Agile Principles and Agile Philosophy

Organisations gain and lose customers depending on how quickly they can meet the customer’s ever-changing demands. As such, the Agile Philosophy and Agile Principles have resulted in far-reaching benefits for organisations —what used to take years to bring to market now takes a matter of days or weeks.

The Agile Philosophy is centred on continuously enhancing the customer value of your products, to improve the way you deliver them and develop your team members. The Agile Philosophy is based on the agile manifesto.

The Agile Philosophy / Agile Manifesto:

We are uncovering better ways of developing software by doing it and helping others do it. Through this work we have come to value:

  • Individuals and interactions over Processes and tools
  • Working software over Comprehensive documentation
  • Customer collaboration over Contract negotiation
  • Responding to change over Following a plan

That is, while there is value in the items on the right, we value the items on the left more.

The Twelve Principles of Agile Methodology are the guiding principles for the Agile Philosophy / Agile Movement. When combined the Agile Principles describe a culture in which change is welcome, and the customer is the focus of the work. The Agile Principles also demonstrate the movement’s intent, which is to bring development into alignment with business needs.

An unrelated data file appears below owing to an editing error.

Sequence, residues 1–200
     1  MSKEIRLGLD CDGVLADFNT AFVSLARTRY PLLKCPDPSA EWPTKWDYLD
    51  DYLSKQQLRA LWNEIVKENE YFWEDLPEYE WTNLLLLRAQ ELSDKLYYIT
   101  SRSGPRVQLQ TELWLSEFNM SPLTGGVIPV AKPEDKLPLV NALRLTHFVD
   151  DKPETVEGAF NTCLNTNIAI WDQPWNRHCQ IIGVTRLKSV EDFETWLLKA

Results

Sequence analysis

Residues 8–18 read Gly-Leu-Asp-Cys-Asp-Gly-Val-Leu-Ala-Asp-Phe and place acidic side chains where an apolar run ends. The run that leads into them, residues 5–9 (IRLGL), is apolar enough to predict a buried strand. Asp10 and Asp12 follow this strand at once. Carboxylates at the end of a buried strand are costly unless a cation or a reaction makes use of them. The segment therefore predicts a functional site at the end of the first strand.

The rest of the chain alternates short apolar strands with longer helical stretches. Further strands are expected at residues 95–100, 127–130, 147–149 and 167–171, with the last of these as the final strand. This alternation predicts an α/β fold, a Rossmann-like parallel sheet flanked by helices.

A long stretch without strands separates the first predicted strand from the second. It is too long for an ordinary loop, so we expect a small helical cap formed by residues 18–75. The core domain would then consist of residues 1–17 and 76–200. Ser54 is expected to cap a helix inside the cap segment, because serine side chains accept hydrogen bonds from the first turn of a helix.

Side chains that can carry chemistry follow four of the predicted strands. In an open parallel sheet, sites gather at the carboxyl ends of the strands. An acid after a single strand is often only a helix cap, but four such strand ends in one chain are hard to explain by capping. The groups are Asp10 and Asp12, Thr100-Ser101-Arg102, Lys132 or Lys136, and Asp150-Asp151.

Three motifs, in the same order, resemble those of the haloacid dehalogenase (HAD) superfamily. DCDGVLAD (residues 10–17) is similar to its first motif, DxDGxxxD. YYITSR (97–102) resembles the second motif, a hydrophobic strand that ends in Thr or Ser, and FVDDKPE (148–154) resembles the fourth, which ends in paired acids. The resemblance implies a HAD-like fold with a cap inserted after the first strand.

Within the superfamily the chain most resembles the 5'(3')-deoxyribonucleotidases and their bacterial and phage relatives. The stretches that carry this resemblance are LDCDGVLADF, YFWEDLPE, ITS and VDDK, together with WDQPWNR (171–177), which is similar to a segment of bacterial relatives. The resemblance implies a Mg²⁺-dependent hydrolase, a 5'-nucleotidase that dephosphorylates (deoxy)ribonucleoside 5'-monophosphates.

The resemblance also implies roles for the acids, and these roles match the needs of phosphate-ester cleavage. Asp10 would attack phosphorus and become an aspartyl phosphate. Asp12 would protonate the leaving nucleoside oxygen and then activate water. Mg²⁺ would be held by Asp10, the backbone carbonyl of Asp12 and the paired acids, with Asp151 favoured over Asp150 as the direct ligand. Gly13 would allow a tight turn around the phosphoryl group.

The Principles of Agile Methodology are listed below;

  1. Our highest priority is to satisfy the customer through early and continuous delivery of valuable software.
  2. Welcome changing requirements, even late in development. Agile processes harness change for the customer’s competitive advantage.
  3. Deliver working software frequently, from a couple of weeks to a couple of months, with a preference to the shorter timescale.
  4. Business people and developers must work together daily throughout the project.
  5. Build projects around motivated individuals. Give them the environment and support they need, and trust them to get the job done.
  6. The most efficient and effective method of conveying information to and within a development team is face-to-face conversation.
  7. Working software is the primary measure of progress.
  8. Agile processes promote sustainable development. The sponsors, developers, and users should be able to maintain a constant pace indefinitely.
  9. Continuous attention to technical excellence and good design enhances agility.
  10. Simplicity–the art of maximising the amount of work not done–is essential.
  11. The best architectures, requirements, and designs emerge from self-organising teams.
  12. At regular intervals, the team reflects on how to become more effective, then tunes and adjusts its behaviour accordingly.